Through the Poverty Reduction Support Credits (PRSCs), the WBG also provided support to the education sector reforms including the primary education curriculum review process and efforts focusing on improving the quality of education in addition to expanding coverage. The 2007 Education Public Expenditure Review (PER) highlighted inefficiencies in primary education such as teacher absenteeism, inefficient teacher deployment and underfunding of non-wage expenditures in public schools. Subsequently, the WBG initiated institutional support to the Directorate of Education Standards to strengthen teacher supervision systems through partnerships with the Ministry of Local Government. With IDA financing, a curriculum review for lower secondary education has been finalized. WBG support is also being developed in Business, Technical and Vocational Training (BTVET), through a skills development program aimed at creating employable skills and competencies relevant in the labor market and the oil sector.
The Northern Uganda Social Action Fund, a community-driven development project, started in 2003 and is now in its second phase. Under phase one, 47% (more than 3 million) of the population in northern Uganda, were provided access to improved social services. The second phase has focused on improving access of the population in Northern Uganda and the Karamoja region to income generating opportunities and basic socio-economic services.
Pillar IV: Improve Good Governance and Value for Money
Through the PRSCs, the Local Government Management Services Delivery Project, and the Uganda Public Service Performance Enhancement Project, the WBG has supported the government to implement key public financial and procurement management and institutional development reforms to enhance management of public resources. Further, through the Governance Partnership Facility (GPF) window, one grant has supported the development of corruption tracking indicators and production of annual reports on corruption trends in social sectors and a citizen’s engagement framework to increase role of non-state actors in monitoring corruption. Through GPF the WBG is also supporting a selection of civil society organizations (CSOs) to monitor public contracts and ensure value for money.
Through the Kampala Institutional and Infrastructure Development Project (KIIDP), institutional efficiency has been registered by the Kampala Capital City Authority (KCCA) through reduction of overdue liabilities, increase in KCCA own source revenue and increased share of KCCA own source revenue spent on service delivery. KIIDP II will address the City’s investment bulk-log.
As of March 2015, the IDA portfolio for Uganda comprised 15 active projects, including two global environment facility (GEF) projects. The total net commitment amounts to $1.9 billion. In addition, Uganda benefits from a $100m Global Partnership for Education grant and five regional projects with a net commitment of $134million. In line with government priorities, roughly 65% of the WBG’s support is allocated to infrastructure, about 30% to education, health and the social services, and approximately 5% to private and public development. Uganda is also benefiting from a large trust fund portfolio $202.2m implemented through 28 trustee grants and 79 child grants as a result of the WBG’s strategic collaboration with bilateral and multi-lateral development partners. These cover all sectors including IFC programs and co-funding of trust funds with IDA lending projects.
The WBG’s analytical and advisory activities underpin investment operations and sector strategies, and inform the government’s reform path. Recent analytical work includes the bi-annual series of the Uganda Economic Updates analyzing issues such as regional trade and integration, jobs and employment, decentralized service delivery, country’s pension system and most recently on urbanization. Other analytical and advisory activities have focused on water coverage in Kampala’s Informal Settlements (2014); Tourism in Uganda (2013); Promoting Inclusive Growth (2012) and a series of Public Expenditure Reviews focused on education, health, roads, and service delivery.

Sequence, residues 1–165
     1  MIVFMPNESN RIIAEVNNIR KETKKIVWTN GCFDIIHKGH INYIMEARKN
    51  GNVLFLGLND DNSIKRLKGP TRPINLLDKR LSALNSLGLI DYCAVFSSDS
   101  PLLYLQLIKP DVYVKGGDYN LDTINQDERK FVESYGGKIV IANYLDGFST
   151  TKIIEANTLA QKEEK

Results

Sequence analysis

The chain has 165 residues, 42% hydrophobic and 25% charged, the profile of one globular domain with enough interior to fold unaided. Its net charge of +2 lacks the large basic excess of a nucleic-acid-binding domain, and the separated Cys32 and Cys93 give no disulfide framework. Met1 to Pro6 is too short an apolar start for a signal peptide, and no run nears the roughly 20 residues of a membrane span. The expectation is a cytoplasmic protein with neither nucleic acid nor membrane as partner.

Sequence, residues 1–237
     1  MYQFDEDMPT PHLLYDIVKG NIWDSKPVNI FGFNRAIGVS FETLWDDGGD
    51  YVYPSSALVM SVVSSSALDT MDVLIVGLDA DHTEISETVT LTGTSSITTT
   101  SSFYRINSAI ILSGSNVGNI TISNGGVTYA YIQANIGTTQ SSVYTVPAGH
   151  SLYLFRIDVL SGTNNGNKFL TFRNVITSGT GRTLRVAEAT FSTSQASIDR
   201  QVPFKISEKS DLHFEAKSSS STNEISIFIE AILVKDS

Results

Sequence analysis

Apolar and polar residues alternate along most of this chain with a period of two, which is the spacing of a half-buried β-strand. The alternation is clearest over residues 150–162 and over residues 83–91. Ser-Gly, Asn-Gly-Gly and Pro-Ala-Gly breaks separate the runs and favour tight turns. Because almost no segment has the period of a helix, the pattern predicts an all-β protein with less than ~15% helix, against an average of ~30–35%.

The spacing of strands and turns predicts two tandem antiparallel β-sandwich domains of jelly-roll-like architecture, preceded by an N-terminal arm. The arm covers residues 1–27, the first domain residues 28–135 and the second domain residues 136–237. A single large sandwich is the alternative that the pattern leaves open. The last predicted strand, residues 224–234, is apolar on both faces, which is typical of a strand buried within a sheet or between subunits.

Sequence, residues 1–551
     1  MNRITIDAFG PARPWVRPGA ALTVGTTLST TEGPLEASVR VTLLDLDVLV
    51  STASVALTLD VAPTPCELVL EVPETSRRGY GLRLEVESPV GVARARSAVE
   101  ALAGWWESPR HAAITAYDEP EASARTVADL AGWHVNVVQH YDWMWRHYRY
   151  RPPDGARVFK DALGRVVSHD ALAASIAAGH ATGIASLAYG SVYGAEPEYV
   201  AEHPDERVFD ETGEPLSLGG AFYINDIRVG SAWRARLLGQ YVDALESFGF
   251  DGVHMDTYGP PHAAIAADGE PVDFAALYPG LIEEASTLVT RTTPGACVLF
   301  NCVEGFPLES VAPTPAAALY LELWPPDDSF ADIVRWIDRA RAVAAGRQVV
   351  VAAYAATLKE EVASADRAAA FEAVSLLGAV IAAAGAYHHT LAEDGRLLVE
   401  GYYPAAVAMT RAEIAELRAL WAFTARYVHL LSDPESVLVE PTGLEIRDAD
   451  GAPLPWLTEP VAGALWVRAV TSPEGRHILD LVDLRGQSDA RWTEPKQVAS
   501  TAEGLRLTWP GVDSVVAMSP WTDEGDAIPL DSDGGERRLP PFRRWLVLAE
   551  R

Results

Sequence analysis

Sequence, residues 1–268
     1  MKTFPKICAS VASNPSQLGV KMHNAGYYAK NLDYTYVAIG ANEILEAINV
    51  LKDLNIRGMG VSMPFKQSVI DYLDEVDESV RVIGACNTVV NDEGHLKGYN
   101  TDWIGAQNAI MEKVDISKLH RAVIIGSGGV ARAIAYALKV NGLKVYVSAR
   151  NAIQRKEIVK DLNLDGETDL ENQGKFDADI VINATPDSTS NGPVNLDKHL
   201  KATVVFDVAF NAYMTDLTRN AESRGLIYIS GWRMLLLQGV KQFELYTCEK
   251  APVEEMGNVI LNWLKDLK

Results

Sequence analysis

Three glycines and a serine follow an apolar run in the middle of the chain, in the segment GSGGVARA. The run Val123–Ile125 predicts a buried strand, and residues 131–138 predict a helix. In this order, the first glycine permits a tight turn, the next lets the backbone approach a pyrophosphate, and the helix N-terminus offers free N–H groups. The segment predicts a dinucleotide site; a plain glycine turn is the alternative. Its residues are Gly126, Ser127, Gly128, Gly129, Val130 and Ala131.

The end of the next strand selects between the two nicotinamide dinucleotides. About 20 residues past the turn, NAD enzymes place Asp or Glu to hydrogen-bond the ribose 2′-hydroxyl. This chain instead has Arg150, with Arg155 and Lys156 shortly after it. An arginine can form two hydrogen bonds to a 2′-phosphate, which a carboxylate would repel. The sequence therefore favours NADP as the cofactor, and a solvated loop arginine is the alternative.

The World Bank Group (WBG) has also embarked on developing a Systematic Country Diagnostic (SCD), which is a technical evidenced-based report expected to diagnose the main challenges and opportunities facing the country in achieving the WBG’s twin goals of reducing extreme poverty to 3% by 2030 and boosting shared prosperity (consumption growth of the bottom 40%). SCDs underpin the Country Partnership Framework (CPF) between the World Bank Group and client governments. It is expected to stimulate an open and forward-looking dialogue between the WBG, client governments and the broader public, with a focus on what is important for the country’s development agenda.
IFC has approved funding for more than 50 projects in Uganda amounting to $1.5 billion, focusing on improving the investment climate, building the capacity of Small and Medium Enterprises (SMEs) and micro-enterprises and the institutions that can support them, and providing proactive support to project development in the areas of finance, agribusiness, and infrastructure. The IFC will continue to support to the business-enabling environment, public-private partnership (PPP) infrastructure advisory services, and access to finance for SMEs through the Africa small-medium enterprises program for selected commercial banks. Additional operations in the forthcoming years include heightened focus on agribusiness intermediaries, supporting upgrading and expansion of Umeme Ltd.’s power distribution network estimated to cost $500 million over six years, finance sector development, infrastructure (including railways) and electricity generation companies. Among IFC’s recent commitments includes $75 million financial support and mobilizing $200 million for the rehabilitation and upgrading of the railways concession and a $25 million loan to assist the expansion of Roofings Ltd, a steel coated zinc project at Namanve Industrial Park.
As of October 2013, MIGA had a portfolio of three guarantees with a combined gross exposure of $161 million. MIGA is supporting Globeleq Holdings (United Kingdom) with $41 million in guarantees covering its equity investment in the electricity distribution grid of Uganda. MIGA is also supporting Sithe Global (USA) with guarantees of $120 million covering its equity investment in Bujagali Energy Ltd.
Last Updated: Apr 09, 2015
Around The Bank Group
Find out what the Bank Group's branches are doing in Uganda.